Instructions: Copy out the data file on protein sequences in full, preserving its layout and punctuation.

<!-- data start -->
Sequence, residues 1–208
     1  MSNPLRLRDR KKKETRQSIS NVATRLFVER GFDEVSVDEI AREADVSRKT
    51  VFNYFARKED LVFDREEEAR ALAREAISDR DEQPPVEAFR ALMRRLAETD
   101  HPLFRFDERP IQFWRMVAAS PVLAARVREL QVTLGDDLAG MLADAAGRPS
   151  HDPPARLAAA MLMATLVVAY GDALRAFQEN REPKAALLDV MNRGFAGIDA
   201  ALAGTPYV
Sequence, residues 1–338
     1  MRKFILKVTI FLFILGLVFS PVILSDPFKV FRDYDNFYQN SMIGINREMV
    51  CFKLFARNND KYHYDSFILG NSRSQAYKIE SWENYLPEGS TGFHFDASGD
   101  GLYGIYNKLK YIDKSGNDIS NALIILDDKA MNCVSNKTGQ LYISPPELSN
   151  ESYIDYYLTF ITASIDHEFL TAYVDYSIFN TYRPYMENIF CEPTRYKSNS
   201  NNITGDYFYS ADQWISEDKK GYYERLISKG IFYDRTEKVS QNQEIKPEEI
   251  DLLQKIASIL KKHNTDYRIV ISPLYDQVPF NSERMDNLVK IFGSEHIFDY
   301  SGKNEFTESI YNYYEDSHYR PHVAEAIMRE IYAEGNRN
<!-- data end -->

Sequence, residues 1–208
     1  MSNPLRLRDR KKKETRQSIS NVATRLFVER GFDEVSVDEI AREADVSRKT
    51  VFNYFARKED LVFDREEEAR ALAREAISDR DEQPPVEAFR ALMRRLAETD
   101  HPLFRFDERP IQFWRMVAAS PVLAARVREL QVTLGDDLAG MLADAAGRPS
   151  HDPPARLAAA MLMATLVVAY GDALRAFQEN REPKAALLDV MNRGFAGIDA
   201  ALAGTPYV
Sequence, residues 1–338
     1  MRKFILKVTI FLFILGLVFS PVILSDPFKV FRDYDNFYQN SMIGINREMV
    51  CFKLFARNND KYHYDSFILG NSRSQAYKIE SWENYLPEGS TGFHFDASGD
   101  GLYGIYNKLK YIDKSGNDIS NALIILDDKA MNCVSNKTGQ LYISPPELSN
   151  ESYIDYYLTF ITASIDHEFL TAYVDYSIFN TYRPYMENIF CEPTRYKSNS
   201  NNITGDYFYS ADQWISEDKK GYYERLISKG IFYDRTEKVS QNQEIKPEEI
   251  DLLQKIASIL KKHNTDYRIV ISPLYDQVPF NSERMDNLVK IFGSEHIFDY
   301  SGKNEFTESI YNYYEDSHYR PHVAEAIMRE IYAEGNRN